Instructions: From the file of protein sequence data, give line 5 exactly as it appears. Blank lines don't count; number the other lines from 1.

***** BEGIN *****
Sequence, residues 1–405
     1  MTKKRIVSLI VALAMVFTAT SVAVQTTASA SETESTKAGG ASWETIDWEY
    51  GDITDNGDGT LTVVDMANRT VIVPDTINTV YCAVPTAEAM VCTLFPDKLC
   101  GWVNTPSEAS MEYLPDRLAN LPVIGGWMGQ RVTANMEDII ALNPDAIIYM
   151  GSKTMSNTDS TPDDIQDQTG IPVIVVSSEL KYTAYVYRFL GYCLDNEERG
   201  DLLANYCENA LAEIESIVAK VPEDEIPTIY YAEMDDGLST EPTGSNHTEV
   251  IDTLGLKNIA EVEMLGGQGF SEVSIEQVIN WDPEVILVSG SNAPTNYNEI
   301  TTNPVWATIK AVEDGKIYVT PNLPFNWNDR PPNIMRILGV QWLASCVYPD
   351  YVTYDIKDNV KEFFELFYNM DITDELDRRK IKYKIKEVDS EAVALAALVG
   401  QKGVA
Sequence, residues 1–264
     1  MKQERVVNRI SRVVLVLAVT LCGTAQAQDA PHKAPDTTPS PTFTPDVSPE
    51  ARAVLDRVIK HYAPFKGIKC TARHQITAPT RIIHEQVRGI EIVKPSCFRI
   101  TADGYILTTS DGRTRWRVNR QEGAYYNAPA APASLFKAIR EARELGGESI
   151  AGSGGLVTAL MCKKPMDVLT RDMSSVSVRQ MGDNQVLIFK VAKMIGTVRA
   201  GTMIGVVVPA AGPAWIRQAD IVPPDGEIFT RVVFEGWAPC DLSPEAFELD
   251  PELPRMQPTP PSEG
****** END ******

   151  GSKTMSNTDS TPDDIQDQTG IPVIVVSSEL KYTAYVYRFL GYCLDNEERG